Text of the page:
• She's not the only one: Nami and Hancock show signs from time to time. Nami is shown to have been spectacularly broken as a little girl in the Arlong Park arc (due to the brutal murder of her adoptive mom and her years in Arlong's crew), and Hancock was utterly destroyed in her pre-teen years as a child slave tortured into almost insanity (alongside her sisters, Marigold and Sandersonia) by the World Nobles.
    • The most recent member of this group is Charlotte Pudding, who became this due to having been badly abused by pretty much near everyone in her surroundings, including her mother "Big Mom, for having a Third Eye on her forehead.. As a result, she tearfully and savagely snapped at a little girl, and ends up as a massive Bitch in Sheep's Clothing until Sanji, whom she's supposed to kill, shows her true empathy and kindness; when this happens, she breaks down sobbing.
  • EVERYBODY in Noir. This is, in fact, the series's Characteristic Trope in some crime-drama circles.
  • In the Prince of Tennis anime, Tezuka's tennis coach in Germany is a beautiful ex-professional player named Hannah Essenheimer. She had her dreams trashed five years ago, traumatized by the bullying of other players who even came to steal and destroy her tennis gear before a very important junior tournament. She becomes embittered, cynical, and borderline alcoholic, but Tezuka and Echizen help her regain faith and return to the professional circle.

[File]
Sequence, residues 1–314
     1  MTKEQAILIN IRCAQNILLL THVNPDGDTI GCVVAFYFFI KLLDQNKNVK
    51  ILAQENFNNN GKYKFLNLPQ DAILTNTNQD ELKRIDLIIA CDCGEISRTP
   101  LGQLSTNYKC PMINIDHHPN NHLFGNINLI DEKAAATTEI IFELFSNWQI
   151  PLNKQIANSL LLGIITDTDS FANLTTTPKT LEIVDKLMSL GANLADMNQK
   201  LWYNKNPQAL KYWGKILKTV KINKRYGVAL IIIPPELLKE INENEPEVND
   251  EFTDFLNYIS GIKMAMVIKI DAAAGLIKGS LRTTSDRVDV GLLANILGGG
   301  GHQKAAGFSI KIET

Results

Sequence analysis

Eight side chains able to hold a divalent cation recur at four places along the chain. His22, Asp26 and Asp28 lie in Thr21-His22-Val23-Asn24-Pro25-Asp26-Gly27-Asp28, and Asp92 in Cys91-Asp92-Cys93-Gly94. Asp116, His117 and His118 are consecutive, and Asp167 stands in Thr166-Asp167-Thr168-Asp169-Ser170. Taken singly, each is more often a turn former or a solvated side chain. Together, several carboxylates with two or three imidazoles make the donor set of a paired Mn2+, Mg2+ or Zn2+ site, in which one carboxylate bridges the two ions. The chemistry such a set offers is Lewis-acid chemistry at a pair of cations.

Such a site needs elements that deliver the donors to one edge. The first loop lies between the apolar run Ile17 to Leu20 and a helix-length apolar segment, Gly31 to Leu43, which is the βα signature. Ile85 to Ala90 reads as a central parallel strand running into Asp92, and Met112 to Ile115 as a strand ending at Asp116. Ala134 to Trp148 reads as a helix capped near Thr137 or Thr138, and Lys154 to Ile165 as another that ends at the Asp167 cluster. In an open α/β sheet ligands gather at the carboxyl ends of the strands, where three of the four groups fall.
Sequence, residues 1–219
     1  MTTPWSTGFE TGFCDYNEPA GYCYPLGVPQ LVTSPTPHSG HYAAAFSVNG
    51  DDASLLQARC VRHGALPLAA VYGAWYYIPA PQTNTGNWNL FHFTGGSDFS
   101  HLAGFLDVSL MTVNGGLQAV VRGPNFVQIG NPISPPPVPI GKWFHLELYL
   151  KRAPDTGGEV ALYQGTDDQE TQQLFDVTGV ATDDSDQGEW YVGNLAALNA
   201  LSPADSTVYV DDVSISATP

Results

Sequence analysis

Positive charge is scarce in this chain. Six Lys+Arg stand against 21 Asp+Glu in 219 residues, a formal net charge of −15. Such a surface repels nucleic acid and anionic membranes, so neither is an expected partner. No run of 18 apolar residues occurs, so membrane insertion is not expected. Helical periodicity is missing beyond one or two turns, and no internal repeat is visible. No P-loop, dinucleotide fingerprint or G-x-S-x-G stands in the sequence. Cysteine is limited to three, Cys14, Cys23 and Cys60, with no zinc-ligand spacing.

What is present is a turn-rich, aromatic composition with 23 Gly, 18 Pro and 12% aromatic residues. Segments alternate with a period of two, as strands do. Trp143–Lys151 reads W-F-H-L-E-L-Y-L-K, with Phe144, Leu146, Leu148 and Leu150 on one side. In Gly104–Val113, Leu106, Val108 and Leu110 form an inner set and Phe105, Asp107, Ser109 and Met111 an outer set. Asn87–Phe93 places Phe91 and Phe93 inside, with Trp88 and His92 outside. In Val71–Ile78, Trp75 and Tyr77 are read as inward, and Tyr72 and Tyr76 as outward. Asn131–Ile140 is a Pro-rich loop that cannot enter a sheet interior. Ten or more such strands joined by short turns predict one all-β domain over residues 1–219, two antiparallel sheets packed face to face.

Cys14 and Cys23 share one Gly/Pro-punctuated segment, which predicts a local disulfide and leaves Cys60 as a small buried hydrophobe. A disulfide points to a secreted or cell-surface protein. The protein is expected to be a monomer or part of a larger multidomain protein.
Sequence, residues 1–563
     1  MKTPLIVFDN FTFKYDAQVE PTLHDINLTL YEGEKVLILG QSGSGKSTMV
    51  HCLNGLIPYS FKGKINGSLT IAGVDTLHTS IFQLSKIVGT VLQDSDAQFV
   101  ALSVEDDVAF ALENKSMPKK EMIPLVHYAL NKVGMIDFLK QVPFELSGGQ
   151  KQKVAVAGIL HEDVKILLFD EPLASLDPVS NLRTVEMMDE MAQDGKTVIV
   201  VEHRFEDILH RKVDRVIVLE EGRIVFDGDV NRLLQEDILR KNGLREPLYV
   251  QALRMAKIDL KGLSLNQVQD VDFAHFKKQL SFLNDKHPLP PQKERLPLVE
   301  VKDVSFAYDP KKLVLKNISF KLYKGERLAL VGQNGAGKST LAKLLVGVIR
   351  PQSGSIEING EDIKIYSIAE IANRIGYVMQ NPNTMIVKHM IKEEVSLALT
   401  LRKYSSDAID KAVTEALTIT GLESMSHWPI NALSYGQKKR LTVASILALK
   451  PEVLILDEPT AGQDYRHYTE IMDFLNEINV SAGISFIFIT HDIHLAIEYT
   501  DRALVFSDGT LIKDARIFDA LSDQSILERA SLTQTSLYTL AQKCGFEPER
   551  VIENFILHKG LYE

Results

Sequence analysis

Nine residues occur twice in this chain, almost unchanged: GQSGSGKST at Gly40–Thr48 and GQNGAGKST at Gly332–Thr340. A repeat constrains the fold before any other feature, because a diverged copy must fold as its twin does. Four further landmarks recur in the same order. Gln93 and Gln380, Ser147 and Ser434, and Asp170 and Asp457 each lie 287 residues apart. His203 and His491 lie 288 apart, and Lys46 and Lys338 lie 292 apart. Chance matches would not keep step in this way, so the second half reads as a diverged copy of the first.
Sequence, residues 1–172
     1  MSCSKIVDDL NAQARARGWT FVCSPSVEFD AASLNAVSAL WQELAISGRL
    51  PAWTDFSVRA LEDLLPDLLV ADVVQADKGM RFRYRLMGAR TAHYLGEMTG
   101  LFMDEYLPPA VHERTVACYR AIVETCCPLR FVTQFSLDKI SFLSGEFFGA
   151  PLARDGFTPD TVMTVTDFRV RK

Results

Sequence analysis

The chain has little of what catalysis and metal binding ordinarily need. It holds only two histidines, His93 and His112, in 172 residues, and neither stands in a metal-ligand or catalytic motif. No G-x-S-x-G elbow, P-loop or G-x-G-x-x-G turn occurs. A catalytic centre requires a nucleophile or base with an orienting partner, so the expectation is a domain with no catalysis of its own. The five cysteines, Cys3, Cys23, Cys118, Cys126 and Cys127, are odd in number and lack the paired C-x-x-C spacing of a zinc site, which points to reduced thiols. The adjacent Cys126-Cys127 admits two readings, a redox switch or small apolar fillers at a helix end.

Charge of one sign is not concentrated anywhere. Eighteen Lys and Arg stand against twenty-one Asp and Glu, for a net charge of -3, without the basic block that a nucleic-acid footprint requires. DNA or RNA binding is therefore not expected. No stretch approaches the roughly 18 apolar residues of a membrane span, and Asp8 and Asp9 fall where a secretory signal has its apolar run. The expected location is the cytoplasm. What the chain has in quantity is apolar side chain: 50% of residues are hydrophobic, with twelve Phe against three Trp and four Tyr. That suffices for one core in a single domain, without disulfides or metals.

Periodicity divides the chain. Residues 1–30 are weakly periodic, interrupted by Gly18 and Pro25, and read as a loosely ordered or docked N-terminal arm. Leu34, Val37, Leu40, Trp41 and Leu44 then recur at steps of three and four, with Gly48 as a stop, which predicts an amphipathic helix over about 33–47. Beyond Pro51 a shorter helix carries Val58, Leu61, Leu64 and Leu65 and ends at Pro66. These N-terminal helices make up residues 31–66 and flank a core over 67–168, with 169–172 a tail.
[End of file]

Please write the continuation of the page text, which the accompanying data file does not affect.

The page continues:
• Layla Hamilton from Kaleido Star fits as well, having a distant relationship with her well-intentioned but work-a-holic father and acting very exigent towards Kaleido Stage newbies, especially Sora Naegino and her friends. Slowly, the story reveals the events that shaped her into who she is...
  • Rue in Princess Tutu. In fact, she thinks she's the daughter of a monstrous raven (who's also incredibly and horribly abusive to her), which is where a lot of her angst comes from.
  • Isako from Dennou Coil
  • Ai Shinozaki, aka Corrector Ai, in Corrector Yui.